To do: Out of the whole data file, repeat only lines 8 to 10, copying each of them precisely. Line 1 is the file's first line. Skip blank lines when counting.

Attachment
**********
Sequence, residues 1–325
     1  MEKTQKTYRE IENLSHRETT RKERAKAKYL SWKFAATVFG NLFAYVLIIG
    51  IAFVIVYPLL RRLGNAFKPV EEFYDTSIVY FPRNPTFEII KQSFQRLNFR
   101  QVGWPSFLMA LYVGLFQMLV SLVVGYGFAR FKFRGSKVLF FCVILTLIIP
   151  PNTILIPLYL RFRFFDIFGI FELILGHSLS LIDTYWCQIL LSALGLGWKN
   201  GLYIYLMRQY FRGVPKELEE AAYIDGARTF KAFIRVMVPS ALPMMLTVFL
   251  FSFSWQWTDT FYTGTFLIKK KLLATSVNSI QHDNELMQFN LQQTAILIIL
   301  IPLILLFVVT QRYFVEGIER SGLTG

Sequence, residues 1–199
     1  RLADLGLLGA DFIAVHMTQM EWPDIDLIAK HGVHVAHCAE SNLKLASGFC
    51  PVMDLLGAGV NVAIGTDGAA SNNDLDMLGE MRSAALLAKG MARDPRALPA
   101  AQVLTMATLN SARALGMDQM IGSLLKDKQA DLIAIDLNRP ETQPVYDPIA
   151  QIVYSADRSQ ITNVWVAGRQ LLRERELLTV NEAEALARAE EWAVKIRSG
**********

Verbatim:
   301  IPLILLFVVT QRYFVEGIER SGLTG

Sequence, residues 1–199
     1  RLADLGLLGA DFIAVHMTQM EWPDIDLIAK HGVHVAHCAE SNLKLASGFC